New year, new science, and a new format of the General Assembly!
While the ‘scientific’ planning of the week is a rather straightforward process of browsing the conference program, planning your breaks may be an afterthought or go completely forgotten. Whether you’re a first-time attendee at the General Assembly this year or have joined us in previous years (and felt exhausted by the end of it!), we have some smart tips for you to better balance your time during the conference week.
Some general preparation
Luckily, this year’s hybrid format offers some way to stress less: you can already upload your presentation material now and view all the uploaded materials even after the conference has taken place. So no need to attempt working long hours during the General Assembly. Generally, you can prevent a lot of last-minute stress during EGU22 by planning beforehand.
Last year, we were already provided with some great advice on balancing your life while attending the GA from home. One of them being the mystery of multitasking and the value of turning off your notifications and only checking them in breaks between sessions. This year, there is also a great summary on what you need to know if you are attending the GA in Vienna with kids. And not to be forgotten: the events organized by the EGU Work-Life Balance group:
Short Course: Scared of giving presentations? (SC3.6)
- Monday, 13:20–14:50 (CEST)
Short Course: Mind your Head: mental health and the academic working environment (SC1.3)
- Tuesday, 8.30-10.00 (CEST)
Pop Up Event: Move, Stretch and Lunch in the Park
- Tuesday, 12-12.30, in the Park
So now let us start planning our short 5-minute breaks of the week:
Monday: Relax your eyes
Seeing a presentation from the last row or scanning posters for details can be hard work for our eyes. When looking at presentation slides or posters, we often tend to stare at the same spot for a long time, drying our eyes out, which can lead to headaches and brain fog. Then, closing our eyes feels relieving, even if it is only for a few seconds. To create one of these moments of relaxation, you can simply cover your eyes with your hands and take a few deep breaths. Some flexibility exercises in addition can help to ease any pain in your eye muscles and might even improve your vision in the long run.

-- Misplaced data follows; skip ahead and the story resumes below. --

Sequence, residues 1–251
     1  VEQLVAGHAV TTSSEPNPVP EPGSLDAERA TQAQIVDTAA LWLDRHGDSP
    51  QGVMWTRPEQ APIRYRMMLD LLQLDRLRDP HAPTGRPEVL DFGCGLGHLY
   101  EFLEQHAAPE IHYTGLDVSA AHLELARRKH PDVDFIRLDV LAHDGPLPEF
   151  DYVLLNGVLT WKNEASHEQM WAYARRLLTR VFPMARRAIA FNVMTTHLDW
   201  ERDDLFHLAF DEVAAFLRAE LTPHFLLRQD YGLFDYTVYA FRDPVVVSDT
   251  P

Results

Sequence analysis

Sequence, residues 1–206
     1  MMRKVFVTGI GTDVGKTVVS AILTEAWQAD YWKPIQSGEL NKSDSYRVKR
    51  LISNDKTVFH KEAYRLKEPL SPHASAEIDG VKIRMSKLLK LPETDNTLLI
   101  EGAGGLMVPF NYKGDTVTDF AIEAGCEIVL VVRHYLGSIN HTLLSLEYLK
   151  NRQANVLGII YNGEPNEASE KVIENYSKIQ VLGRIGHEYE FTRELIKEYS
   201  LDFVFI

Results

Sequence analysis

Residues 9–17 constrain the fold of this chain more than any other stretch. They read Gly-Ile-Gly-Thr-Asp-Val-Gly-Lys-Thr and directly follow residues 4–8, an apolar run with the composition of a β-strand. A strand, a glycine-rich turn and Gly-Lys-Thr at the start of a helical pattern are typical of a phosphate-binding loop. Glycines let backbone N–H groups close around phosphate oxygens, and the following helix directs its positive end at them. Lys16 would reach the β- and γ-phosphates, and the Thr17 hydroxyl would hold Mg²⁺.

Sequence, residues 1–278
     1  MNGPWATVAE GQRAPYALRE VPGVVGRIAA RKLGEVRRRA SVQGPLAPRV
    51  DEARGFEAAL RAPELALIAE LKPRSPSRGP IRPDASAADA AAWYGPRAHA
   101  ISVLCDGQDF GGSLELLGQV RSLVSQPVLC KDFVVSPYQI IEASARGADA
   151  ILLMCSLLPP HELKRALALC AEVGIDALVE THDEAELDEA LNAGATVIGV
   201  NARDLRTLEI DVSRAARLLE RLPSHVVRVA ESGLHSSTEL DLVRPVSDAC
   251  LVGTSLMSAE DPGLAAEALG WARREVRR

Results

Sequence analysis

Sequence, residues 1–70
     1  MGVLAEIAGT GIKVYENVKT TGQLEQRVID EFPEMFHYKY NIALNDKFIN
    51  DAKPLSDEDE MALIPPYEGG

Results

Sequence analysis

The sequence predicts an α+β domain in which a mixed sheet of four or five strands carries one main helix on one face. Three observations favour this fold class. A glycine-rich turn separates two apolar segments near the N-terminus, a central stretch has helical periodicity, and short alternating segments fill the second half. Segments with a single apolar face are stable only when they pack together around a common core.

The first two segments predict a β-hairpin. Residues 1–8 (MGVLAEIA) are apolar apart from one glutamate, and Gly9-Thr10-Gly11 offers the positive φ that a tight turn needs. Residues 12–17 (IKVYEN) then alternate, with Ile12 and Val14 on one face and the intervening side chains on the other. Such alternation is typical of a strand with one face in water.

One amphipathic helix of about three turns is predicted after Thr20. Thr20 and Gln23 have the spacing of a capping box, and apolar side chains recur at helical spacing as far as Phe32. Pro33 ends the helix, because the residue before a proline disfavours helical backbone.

Tuesday: Get moving!
Whether you are attending EGU22 from home or joining us in person, a conference can include a lot of sitting time! So let’s get moving: at the spot next to your desk, in a circle through your room or, when on-site, through the conference center. Try to move every muscle in your legs since sitting all day is said to significantly impact our health. Alternatively, you can try listening to a few sessions while standing in the back of the conference room or with the laptop on a high drawer (not to mention the luxury of a height-adjustable table).
Wednesday: Meditate over tea or coffee
We have all been there – a good cup of coffee can help us through an intense workday. But while we often take it for granted, it can be a great way to create a calm break for the brain and, if you like, cultivate a little bit of gratitude. So, celebrate the mid of week by taking 5 minutes with a fresh steaming cup (teas are allowed as well of course). No phone, no chatting, no multitasking. Just enjoy your cuppa!
Thursday: Stretch time!
Sure, conferences like EGU22 will certainly get our mental juices flowing, but they can be challenging for our body, especially since it is a week-long event. If you didn’t feel it on Monday yet, come Thursday you might: sitting a lot makes our body feel stiff and sometimes even ache. To prevent this or to help ease the tension, it is great to do some stretches from time to time. And guess what? You don’t even have to stand up for this!
Friday: Take a deep breath and get ready for the weekend
Of course, the superstar of the week has been our incredible neural network, the brain, which has had fireworks during 5 full days of science talks. But by taking in session after session, we might reach our processing capacity and things may start to get blurry. Now is definitely the best time to allow our thoughts to settle down and give our brain the much-needed break it deserves.
We hope you try these tips during the conference week. Do you have any suggestions to add to this list? Let us know in the comments below!
Maria Scheel is a PhD student at Aarhus University in Denmark. Her current research explores how permafrost microorganisms adapt to the ongoing thaw and erosion in Northeast Greenland. Besides that, she currently is a representative for APECS Denmark and recently started her blog Mindful Scientist, sharing experiences and raising awareness about a healthy mind at work. She tweets as @Maria_Scheel_. Contact email: firstname.lastname@example.org.
Selina Kiefer is a PhD student at the Karlsruhe Institute of Technology (KIT) in Germany. Her work focuses on the subseasonal- to seasonal forecast of Central European weather using machine learning models. She is an active member of the EGU Work-Life-Balance group. You can reach her via e-mail at email@example.com